Art on Paper fair throws the book at collectors


As it marks its ninth year in New York, the Art on Paper fair (7-10 September) is spotlighting artist-made books. Such materials fare well at specialised art-book fairs, like those organised by non-profit Printed Matter, but they rarely get a platform in more mainstream fairs. The inaugural book fair within Art on Paper will take place on the upper mezzanine of Pier 36, led by New York’s Center for Book Arts, the oldest non-profit dedicated to the medium. Ten organisations, including Dieu Donné and 10×10 Photobooks, will present works falling outside the scope of the typical book or art fair.

“I see so much room to focus on a market that people aren’t even really aware of,” says Kelly Freeman, Art on Paper’s director. “This is the baby version of what I hope will be a giant focus of our fair going forward. I love the idea of falling in love with something that I can so easily take home. I want to give that gift to more people.”

The fair is also re-introducing its Flat Files programme, complete with live printmaking demonstrations and educational experiences for viewers. Shoestring Press, a Brooklyn-based print studio and membership-based shared workspace, will facilitate a live printmaking workshop at Pier 36, holding demonstrations and creating exclusive, editioned works by artists including Mike Perry, Victoria Carter and Layla Nami. Fair attendees can also take part in a tote silk-screening workshop. “The idea of an edition allows you to really feel the hand of the artist within all of the different components of making that piece,” says Freeman. “For me, it’s not just the artist who creates the concept, it’s the realisation of that moment by the printmaker, and I love that moment of collaboration.”

“We’re trying to pick up where EAB left off,” Freeman adds, referencing New York’s long-running Editions/Artists’ Books Fair, which closed its doors in 2022. “I always loved that fair so much. We’re doing our best to fill whatever gap has been left with them moving out of the market for the time being.”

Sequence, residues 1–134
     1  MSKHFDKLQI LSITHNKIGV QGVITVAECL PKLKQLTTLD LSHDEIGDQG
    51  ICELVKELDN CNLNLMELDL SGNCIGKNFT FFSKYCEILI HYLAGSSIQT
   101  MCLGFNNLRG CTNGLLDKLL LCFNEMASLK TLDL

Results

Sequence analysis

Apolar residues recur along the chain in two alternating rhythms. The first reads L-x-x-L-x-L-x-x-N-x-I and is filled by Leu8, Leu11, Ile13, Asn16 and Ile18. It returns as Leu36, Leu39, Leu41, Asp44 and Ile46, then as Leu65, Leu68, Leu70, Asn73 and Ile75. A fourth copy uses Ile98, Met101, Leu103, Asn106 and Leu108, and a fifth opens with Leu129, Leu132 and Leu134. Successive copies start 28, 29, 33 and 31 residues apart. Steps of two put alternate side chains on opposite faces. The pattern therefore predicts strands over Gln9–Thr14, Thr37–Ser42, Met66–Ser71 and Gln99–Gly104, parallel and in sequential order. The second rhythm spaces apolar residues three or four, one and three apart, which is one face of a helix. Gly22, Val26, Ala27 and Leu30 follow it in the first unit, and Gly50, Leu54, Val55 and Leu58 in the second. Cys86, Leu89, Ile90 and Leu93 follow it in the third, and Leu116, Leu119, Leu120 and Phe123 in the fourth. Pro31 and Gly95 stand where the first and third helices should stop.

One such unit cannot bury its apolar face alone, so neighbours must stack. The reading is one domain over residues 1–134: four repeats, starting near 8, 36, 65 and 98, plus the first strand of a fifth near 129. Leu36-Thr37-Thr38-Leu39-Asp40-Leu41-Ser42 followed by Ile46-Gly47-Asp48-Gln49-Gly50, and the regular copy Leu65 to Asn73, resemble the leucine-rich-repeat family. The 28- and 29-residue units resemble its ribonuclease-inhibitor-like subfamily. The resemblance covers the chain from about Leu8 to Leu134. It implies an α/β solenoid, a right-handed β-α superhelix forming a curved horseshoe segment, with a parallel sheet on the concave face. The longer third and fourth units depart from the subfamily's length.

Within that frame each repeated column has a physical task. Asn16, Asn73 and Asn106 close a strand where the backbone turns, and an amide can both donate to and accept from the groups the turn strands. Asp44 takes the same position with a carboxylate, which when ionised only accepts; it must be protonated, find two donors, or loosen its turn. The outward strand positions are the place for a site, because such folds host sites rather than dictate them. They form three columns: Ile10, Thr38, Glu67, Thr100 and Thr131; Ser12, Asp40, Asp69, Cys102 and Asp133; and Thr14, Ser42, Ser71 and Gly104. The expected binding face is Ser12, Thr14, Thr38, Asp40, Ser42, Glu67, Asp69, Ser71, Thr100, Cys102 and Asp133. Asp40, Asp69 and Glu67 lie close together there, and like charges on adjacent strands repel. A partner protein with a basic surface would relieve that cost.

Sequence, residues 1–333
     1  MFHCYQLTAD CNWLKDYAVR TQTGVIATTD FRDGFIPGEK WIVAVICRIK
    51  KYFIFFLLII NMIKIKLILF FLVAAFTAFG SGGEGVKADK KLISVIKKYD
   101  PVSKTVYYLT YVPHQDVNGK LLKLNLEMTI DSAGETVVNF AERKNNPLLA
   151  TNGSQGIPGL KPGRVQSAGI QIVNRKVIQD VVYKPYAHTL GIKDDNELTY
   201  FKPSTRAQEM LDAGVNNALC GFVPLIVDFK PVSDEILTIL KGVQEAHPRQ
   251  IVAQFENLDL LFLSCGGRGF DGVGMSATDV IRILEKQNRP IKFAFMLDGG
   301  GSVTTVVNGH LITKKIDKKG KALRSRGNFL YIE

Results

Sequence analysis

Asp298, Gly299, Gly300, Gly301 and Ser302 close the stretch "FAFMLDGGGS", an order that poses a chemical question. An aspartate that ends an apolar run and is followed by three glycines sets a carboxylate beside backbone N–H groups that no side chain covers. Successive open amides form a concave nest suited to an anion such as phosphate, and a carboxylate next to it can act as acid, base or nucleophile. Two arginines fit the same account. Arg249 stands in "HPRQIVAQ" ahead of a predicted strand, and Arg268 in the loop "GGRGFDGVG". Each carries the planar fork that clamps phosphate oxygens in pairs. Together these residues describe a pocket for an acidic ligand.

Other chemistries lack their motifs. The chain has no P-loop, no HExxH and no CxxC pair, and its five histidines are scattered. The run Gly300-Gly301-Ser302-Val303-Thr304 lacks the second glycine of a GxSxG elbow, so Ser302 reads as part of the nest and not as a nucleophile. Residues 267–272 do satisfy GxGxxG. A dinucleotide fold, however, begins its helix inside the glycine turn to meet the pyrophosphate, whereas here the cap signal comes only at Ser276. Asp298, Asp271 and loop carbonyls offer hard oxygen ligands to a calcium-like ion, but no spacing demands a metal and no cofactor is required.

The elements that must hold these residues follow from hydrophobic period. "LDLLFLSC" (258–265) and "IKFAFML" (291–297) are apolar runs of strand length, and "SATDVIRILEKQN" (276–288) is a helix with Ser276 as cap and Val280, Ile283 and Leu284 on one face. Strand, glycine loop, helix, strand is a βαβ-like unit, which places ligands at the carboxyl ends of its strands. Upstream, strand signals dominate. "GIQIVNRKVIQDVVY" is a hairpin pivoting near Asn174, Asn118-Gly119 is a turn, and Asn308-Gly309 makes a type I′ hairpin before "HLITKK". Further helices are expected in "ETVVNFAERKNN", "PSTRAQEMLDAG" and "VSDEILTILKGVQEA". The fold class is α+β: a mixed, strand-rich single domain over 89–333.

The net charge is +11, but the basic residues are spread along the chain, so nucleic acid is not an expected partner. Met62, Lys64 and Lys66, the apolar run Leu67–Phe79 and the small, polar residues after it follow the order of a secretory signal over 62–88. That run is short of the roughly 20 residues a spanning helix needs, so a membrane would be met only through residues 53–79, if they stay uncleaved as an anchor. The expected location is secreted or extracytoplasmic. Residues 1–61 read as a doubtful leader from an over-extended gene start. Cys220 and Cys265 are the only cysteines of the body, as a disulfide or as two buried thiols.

As in years past, Art on Paper’s offering mixes big-name artists with up-and-comers. Accola Griefen Gallery will showcase works by Judy Pfaff, an originator of the Feminist Art Movement, and Barbara Zucker, a co-founder of AIR Gallery, the first all-women’s gallery in the US. Alchemy Gallery, a new space on the Lower East Side, will feature a sprawling installation by Rose Eaken, consisting of a 300-piece glazed paper clay shrine to grunge-era New York City. Other new participants this year include South Korea’s Gallery SoSo and Colombia’s Galeria Casa Cuadrada.

“We have a lot of new interest this year from a younger consort of galleries who are seeing that there’s this huge access point in terms of what paper means to collectors,” Freeman says. “Paper has this relatively approachable connotation to it, because you kind of understand what it is that you’re looking at. It’s a conversation starter between the attendee and the exhibitor that leads to these great moments for becoming a collector, learning what patronage is.”


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